Experts say there’s a balance to strike in the academic world when using generative AI—it could make the writing process more efficient and help researchers more clearly convey their findings. But the tech—when used in many kinds of writing—has also dropped fake references into its responses, made things up, and reiterated sexist and racist content from the internet, all of which would be problematic if included in published scientific writing.

If researchers use these generated responses in their work without strict vetting or disclosure, they raise major credibility issues. Not disclosing use of AI would mean authors are passing off generative AI content as their own, which could be considered plagiarism. They could also potentially be spreading AI’s hallucinations, or its uncanny ability to make things up and state them as fact.

It’s a big issue, David Resnik, a bioethicist at the National Institute of Environmental Health Sciences, says of AI use in scientific and academic work. Still, he says, generative AI is not all bad—it could help researchers whose native language is not English write better papers. “AI could help these authors improve the quality of their writing and their chances of having their papers accepted,” Resnik says. But those who use AI should disclose it, he adds.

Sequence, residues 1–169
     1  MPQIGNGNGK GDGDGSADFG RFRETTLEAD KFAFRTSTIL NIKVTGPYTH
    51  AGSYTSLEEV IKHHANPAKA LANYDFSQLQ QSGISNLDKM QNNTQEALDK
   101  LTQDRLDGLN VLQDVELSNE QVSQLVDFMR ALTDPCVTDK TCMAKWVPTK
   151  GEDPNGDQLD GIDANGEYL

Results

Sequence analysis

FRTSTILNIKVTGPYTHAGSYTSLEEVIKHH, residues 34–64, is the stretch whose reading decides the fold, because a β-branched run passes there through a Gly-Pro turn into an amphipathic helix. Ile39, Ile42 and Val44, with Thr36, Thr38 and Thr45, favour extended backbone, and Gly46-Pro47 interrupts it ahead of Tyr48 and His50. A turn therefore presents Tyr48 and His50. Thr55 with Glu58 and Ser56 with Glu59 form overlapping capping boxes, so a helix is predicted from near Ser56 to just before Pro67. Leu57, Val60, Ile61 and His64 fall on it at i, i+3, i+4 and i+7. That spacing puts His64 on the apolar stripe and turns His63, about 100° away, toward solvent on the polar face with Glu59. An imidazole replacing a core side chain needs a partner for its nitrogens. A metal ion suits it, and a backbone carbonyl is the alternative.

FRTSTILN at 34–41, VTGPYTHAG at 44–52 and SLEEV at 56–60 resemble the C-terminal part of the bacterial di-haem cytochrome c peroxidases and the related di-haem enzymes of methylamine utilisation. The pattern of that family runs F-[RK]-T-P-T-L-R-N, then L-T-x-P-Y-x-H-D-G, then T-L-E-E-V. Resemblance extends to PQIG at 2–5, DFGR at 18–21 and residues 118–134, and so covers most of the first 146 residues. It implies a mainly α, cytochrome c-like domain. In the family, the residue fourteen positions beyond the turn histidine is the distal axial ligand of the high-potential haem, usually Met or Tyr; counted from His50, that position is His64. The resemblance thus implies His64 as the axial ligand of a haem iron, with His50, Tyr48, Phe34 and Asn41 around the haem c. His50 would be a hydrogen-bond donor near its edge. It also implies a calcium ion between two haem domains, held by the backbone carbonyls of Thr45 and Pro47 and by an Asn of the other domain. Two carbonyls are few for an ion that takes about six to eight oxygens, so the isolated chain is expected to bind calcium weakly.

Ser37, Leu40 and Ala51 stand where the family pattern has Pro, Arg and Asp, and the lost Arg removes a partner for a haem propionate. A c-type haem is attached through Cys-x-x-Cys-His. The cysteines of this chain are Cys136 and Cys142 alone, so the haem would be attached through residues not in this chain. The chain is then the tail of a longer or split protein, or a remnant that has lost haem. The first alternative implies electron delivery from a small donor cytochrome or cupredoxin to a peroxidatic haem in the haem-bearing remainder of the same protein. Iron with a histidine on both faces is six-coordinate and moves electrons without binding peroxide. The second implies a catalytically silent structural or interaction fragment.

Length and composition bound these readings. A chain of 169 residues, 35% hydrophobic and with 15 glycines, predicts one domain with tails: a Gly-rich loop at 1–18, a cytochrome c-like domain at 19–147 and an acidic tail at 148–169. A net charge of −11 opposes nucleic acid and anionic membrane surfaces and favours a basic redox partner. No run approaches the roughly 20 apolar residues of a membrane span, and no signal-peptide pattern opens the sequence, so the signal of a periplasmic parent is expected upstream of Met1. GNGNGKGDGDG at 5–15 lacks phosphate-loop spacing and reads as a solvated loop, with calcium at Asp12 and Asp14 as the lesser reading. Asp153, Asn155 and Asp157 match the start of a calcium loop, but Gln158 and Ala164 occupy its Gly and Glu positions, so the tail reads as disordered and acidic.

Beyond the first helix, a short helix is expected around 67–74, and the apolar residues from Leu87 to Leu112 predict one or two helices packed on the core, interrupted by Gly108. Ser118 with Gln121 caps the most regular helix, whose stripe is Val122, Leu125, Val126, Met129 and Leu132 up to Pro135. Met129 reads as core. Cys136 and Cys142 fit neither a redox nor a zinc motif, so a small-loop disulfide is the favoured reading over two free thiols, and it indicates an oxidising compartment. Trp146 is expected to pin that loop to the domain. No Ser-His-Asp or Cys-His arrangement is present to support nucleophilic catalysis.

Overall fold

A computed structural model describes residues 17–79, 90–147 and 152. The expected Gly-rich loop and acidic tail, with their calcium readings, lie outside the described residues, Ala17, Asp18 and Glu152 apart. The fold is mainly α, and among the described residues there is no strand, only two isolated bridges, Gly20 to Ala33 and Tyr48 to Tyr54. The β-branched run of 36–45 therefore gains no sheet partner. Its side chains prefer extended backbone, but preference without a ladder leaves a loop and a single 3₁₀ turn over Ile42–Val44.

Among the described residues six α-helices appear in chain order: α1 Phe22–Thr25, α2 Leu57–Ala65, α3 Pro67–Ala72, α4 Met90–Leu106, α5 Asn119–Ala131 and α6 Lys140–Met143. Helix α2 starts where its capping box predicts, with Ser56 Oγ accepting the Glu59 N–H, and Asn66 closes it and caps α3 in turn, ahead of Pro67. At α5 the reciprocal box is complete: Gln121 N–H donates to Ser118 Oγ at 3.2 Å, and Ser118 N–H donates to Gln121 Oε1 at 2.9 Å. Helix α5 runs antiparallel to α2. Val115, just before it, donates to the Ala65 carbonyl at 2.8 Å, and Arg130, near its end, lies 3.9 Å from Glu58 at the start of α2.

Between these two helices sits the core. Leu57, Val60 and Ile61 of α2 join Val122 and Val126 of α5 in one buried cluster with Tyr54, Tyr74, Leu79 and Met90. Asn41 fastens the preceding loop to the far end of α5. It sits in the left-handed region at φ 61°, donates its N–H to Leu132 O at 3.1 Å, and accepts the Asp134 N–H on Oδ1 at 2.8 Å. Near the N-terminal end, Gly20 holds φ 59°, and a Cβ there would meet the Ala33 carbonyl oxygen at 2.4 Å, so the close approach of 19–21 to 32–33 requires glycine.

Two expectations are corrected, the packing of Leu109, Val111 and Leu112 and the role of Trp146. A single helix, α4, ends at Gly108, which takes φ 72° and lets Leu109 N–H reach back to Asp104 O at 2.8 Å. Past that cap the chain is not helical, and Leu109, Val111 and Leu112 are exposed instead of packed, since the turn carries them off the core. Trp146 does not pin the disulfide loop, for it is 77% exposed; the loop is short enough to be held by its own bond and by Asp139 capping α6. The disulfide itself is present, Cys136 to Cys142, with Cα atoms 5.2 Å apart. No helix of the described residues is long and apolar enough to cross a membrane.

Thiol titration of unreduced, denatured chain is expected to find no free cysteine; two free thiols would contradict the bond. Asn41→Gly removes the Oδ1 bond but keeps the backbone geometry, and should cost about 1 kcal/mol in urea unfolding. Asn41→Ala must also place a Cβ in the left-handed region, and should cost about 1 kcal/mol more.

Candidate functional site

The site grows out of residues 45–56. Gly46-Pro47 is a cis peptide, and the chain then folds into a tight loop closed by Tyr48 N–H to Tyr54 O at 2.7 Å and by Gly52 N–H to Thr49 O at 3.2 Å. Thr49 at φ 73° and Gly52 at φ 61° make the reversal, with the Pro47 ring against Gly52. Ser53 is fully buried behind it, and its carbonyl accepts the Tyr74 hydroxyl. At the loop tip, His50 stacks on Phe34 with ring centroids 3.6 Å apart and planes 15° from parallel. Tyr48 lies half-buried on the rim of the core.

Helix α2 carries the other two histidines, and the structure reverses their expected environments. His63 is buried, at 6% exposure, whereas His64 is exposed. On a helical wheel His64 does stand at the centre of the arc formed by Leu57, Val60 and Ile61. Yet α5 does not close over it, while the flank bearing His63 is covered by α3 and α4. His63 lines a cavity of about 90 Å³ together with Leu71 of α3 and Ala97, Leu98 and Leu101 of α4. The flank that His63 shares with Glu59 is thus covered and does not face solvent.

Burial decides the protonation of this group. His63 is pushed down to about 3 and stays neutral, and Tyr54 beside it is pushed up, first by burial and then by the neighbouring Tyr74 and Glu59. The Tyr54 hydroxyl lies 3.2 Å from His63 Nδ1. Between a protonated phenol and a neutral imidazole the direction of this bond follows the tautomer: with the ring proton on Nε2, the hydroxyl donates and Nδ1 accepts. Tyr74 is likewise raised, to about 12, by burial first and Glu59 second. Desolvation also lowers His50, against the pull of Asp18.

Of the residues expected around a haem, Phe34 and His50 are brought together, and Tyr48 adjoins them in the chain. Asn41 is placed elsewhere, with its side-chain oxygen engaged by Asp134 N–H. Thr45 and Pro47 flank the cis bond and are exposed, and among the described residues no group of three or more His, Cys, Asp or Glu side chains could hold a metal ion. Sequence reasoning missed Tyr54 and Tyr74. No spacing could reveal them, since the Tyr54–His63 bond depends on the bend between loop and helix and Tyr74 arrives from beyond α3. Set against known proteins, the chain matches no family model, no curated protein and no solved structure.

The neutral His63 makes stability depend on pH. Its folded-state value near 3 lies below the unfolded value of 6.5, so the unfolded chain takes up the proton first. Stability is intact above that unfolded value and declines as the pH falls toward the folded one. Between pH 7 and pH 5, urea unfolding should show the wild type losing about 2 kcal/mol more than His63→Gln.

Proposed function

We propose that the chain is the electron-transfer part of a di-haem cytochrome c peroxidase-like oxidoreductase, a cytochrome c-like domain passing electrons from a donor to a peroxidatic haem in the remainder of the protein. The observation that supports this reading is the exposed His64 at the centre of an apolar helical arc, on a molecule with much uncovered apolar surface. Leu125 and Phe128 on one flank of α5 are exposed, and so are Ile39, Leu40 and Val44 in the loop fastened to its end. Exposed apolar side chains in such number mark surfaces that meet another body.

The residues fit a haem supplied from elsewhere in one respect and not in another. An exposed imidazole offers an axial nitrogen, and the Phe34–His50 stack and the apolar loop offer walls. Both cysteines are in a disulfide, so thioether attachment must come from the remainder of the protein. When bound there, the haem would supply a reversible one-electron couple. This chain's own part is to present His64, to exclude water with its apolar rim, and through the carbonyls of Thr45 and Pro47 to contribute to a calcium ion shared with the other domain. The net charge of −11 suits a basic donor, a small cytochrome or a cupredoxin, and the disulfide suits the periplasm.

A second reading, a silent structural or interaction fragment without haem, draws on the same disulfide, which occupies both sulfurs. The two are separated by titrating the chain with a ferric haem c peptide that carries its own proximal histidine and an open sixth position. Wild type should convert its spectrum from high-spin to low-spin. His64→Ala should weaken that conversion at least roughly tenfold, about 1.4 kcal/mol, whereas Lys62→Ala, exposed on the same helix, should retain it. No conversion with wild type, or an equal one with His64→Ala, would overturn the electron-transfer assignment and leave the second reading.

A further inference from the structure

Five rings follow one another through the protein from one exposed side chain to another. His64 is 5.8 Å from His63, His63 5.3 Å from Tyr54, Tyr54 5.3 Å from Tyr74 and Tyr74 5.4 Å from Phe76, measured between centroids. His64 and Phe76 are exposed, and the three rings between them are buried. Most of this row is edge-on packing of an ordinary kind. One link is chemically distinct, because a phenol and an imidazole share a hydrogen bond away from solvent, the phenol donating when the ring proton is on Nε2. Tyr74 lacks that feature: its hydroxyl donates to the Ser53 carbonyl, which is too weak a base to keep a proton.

For now, it’s impossible to know how extensively AI is being used in academic publishing, because there’s no foolproof way to check for AI use, as there is for plagiarism. The Resources Policy paper caught a researcher’s attention because the authors seem to have accidentally left behind a clue to a large language model’s possible involvement. “Those are really the tips of the iceberg sticking out,” says Elisabeth Bik, a science integrity consultant who runs the blog Science Integrity Digest. “I think this is a sign that it’s happening on a very large scale.”

In 2021, Guillaume Cabanac, a professor of computer science at the University of Toulouse in France, found odd phrases in academic articles, like “counterfeit consciousness” instead of “artificial intelligence.” He and a team coined the idea of looking for “tortured phrases,” or word soup in place of straightforward terms, as indicators that a document likely comes from text generators. He’s also on the lookout for generative AI in journals, and is the one who flagged the Resources Policy study on X.

Cabanac investigates studies that may be problematic, and he has been flagging potentially undisclosed AI use. To protect scientific integrity as the tech develops, scientists must educate themselves, he says. “We, as scientists, must act by training ourselves, by knowing about the frauds,” Cabanac says. “It’s a whack-a-mole game. There are new ways to deceive.”

Tech advances since have made these language models even more convincing—and more appealing as a writing partner. In July, two researchers used ChatGPT to write an entire research paper in an hour to test the chatbot’s abilities to compete in the scientific publishing world. It wasn’t perfect, but prompting the chatbot did pull together a paper with solid analysis.

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